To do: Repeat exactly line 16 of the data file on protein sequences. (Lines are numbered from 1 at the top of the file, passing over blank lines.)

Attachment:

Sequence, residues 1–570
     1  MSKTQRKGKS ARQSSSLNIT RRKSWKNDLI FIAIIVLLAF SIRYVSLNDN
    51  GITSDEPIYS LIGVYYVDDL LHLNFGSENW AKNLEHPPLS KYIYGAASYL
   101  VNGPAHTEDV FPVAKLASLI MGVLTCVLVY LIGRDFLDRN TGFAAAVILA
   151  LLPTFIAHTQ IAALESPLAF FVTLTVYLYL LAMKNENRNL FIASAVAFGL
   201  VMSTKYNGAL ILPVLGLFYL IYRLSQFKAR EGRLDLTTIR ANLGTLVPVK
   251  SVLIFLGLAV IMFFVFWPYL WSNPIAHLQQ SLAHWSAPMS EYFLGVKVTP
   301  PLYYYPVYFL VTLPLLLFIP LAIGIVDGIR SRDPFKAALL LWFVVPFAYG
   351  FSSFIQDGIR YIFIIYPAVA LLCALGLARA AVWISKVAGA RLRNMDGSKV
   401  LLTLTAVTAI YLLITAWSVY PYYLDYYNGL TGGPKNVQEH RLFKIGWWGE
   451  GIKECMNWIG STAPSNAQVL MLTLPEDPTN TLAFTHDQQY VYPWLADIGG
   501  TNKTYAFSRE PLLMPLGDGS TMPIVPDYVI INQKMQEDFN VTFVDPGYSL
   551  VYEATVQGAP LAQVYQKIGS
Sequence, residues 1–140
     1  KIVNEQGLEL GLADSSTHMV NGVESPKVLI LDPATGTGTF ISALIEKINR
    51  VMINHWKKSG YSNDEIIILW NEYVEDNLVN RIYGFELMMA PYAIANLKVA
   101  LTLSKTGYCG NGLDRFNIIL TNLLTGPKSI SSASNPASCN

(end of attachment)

    51  VMINHWKKSG YSNDEIIILW NEYVEDNLVN RIYGFELMMA PYAIANLKVA